Thread types on the bicycle: bicycle thread, valve thread and standard thread
The bike is teeming with threads. Spokes, axles, bottom bracket bearings, valves are only a few of the components on a bicycle in which threads are used. In this blog post you can read about the most common types of bicycle threads and their applications.
Historical development and origin of bicycle threads
In the course of the development of the bicycle, several standards for these components have been established. Since bicycles are manufactured all over the world, the assignment of a thread depends not only on the respective component, but especially on the origin of the bicycle. Italian bicycle manufacturers, for example, also use Italian standard threads. Although these are relatively identical to common component manufacturers, they have a flank angle of 55°. DIN threads, on the other hand, have a flank angle of 60°.
Thus, if the flank angle is incorrectly used in the cutting insert, the thread can be destroyed. It is therefore advisable to determine the thread correctly before cutting/retapping a thread.
You can find more about Italian, French and English bicycle threads in this article:
The most common standards of bicycle thread types are:
- Bicycle threads (Fg) according to DIN 79012
- Valve thread (VG) to DIN 7756
- The metric thread according to DIN 13
1. the bicycle thread (FG) DIN 79012
The bicycle thread is a relatively fine thread, which is however not called fine thread in its definition. The number of turns per inch for the bicycle thread lies between the standardised coarse and fine thread according to DIN 13.
Due to the British-American origin of this standard, the dimensions of the respective thread sizes are also not clearly stated in mm. The designation FG 2, for example, indicates that this size is the nominal diameter 2 mm. In fact, however, FG 2 means that it is a nominal diameter of 2.096 mm.
The origin of this standard becomes even clearer when the lead for the thread dimension FG 2 is indicated:
FG 2-56(56 threads per inch /2.54 cm)
This is because, unlike metric threads, the pitch here is given in threads per inch.
The most common FG threads are:
- FG 2-56 (for bicycle spokes)
- FG 2,3-56 (for bicycle spokes)
- FG 2,6-56 (for bicycle spokes)
- FG 6,35-26
- FG 7,9-26 (axle thread)
- FG 9,5-26 (axle thread)
- FG 14,3-20 (or pedal thread)
- FG 25,4-24 (for pedal thread)
- FG 32,8-24
2. the valve thread: VG DIN 7756
For the bicycle there are – roughly differentiated – the following common valve threads. In the following we present the Dunlop valve, Sclaverand valve and Schrader valve.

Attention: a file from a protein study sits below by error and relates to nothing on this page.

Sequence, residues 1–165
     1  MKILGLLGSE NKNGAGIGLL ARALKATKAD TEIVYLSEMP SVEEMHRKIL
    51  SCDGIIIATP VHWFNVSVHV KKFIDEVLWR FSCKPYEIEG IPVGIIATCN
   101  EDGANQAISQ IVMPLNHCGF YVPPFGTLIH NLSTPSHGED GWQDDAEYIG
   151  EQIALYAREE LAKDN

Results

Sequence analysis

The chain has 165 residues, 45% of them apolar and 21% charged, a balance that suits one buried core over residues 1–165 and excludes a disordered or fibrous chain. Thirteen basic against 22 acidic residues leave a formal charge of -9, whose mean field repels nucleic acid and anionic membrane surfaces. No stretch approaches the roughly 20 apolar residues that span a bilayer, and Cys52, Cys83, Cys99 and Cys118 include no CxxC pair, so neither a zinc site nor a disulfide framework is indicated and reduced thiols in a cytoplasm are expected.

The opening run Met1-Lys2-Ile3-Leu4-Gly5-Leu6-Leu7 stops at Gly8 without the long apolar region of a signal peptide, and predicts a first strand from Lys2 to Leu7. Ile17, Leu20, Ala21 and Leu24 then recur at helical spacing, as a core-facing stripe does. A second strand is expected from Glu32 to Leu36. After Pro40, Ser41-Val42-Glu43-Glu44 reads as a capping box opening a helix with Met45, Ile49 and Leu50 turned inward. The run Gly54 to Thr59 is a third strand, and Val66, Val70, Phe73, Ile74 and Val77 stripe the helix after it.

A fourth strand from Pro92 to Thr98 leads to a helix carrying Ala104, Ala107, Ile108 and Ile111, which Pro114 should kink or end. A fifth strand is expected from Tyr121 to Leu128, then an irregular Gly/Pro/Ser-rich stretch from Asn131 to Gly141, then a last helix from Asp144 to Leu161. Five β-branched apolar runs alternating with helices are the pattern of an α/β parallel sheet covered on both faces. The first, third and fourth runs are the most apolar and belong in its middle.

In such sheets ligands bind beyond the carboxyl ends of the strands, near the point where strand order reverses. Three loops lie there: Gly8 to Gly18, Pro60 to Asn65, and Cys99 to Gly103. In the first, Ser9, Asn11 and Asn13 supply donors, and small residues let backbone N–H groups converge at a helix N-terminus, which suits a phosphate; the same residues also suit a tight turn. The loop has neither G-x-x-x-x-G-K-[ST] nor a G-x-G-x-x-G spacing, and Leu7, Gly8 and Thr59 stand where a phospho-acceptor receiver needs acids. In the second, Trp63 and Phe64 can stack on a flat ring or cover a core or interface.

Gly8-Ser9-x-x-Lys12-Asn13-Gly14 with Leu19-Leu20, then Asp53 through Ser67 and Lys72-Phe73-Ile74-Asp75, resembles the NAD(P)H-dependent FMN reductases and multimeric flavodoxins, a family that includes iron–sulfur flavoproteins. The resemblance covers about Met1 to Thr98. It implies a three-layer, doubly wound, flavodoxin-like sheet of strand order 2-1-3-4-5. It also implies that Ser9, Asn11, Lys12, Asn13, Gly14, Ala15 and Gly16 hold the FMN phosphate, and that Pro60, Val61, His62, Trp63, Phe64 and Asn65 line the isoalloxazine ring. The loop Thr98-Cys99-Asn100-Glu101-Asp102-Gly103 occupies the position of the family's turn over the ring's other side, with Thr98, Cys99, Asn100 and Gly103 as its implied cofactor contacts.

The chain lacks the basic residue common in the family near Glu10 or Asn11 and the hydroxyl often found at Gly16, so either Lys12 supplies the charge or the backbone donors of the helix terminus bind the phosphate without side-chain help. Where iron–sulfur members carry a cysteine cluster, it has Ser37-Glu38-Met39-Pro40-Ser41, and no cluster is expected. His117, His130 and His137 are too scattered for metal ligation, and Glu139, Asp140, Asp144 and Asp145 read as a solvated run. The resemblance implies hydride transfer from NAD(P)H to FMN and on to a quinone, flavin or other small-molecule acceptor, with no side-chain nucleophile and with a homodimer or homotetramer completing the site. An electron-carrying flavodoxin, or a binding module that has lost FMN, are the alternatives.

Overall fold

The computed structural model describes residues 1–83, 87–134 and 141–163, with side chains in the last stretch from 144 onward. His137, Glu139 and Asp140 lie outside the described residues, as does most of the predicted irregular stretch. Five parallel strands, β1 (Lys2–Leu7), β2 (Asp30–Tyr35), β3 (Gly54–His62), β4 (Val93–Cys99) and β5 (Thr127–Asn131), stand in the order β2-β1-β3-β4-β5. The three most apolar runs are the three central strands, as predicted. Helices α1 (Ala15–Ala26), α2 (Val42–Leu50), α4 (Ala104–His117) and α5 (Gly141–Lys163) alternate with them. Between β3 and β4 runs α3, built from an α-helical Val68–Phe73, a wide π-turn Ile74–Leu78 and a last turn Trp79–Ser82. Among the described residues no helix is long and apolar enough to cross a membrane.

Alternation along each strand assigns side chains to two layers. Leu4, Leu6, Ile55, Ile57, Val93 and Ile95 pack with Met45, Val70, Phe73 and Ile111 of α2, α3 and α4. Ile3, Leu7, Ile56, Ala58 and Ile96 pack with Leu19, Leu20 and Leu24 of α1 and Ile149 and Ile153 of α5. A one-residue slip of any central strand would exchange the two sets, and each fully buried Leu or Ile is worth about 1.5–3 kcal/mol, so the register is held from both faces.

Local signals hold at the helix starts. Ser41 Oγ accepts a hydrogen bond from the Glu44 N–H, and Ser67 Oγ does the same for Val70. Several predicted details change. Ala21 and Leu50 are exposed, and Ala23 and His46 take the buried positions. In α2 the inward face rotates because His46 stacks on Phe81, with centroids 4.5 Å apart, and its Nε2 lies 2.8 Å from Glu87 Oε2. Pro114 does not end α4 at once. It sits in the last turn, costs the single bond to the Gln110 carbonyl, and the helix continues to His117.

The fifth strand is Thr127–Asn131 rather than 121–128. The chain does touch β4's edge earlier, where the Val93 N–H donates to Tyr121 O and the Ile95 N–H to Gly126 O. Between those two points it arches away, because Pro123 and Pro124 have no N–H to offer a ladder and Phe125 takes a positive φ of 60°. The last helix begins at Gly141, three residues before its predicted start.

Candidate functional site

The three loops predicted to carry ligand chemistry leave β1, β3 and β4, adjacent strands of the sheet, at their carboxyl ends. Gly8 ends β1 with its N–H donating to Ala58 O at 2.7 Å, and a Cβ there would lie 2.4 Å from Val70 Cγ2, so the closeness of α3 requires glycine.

The Dunlop valve:
The inventor was John Boyd Dunlop, who also gave his name to the well-known tyre brand. The Dunlop valve is the most common valve in Germany, Austria and the Netherlands. It is mainly used for touring and city bikes.
It is available in two versions:
On the one hand the older version with a rubber tube to pump in the air, which however involves a lot of effort when pumping, and on the other hand the version that is common today, where the valve involves a ball or a cylinder. This newer automatic variant is also called the flash valve.
The rim bore for the use of this valve must be 8.5 mm and is designed for a maximum pressure of 6 bar.
The Sclaverand valve:
The Sclaverand valve is also known as the French valve. It is used with a rim bore of 6.5 mm and withstands a pressure of 15 bar. This is why these valves are mainly used in very thin tires, such as on racing bikes. The Italian designation of this valve type is “Presta”.
The Schrader valve (AV auto valve):
Like the Dunlop valve, the Schrader valve requires a rim hole of 8.5mm and can withstand a pressure of up to 6 bar.
This valve is used more and more today, as tyre widths have increased considerably in recent decades with the introduction of mountain bikes and trekking bikes.
The external thread of the Schrader valve measures 7.7 mm (0.302 inch) x 32 gears (VG 8).
The decisive advantage of this valve type is that it can be filled with air at any filling station.
The most common valve threads are:
- VG 5
- VG 5,2
- VG 6
- VG 8
- VG 9,6
- VG 10
- VG 12
The value refers to the outer diameter of the valve.
3. the metric thread DIN 352 (standard thread) or DIN 2181 (fine thread)
Smaller metric or metric-fine threads are mainly used for the following components on the bicycle:
- Saddle clamp: MF M8 x 1 fine thread
- Brakes and circuit: M4 x 0.7 standard thread
- Clamp, stem shaft and saddle M8 x 1.25 standard thread
- Clamping stem and saddle M7 x 1 standard thread
- Chainrings M8 x 0,75 fine thread
- Chain wheel M6 x 0,75
Larger metric threads are intended for heavy-duty components:
- Crank fixing / bottom bracket axle M12 x 1 fine thread
- crank cable M22 x 1 fine thread
- Bottom bracket cups M35 x 1 right and left fine thread
- Sprocket locknut and sprocket fastening M52 x 1 fine thread
How can I determine a bicycle thread?
For the exact determination of the thread we have created a general step-by-step guide:
- Practical example: 3 steps for thread determination
Free bicycle thread table
In our download area we have compiled a PDF with technical data about bicycle threads (axles, steerer tube, spokes, bottom bracket and pedals).
Values such as the thread diameter, the core diameter, the pitch as well as the designations help you to determine the thread.
Click here for a free download.
A large selection of thread tools is available in our Shop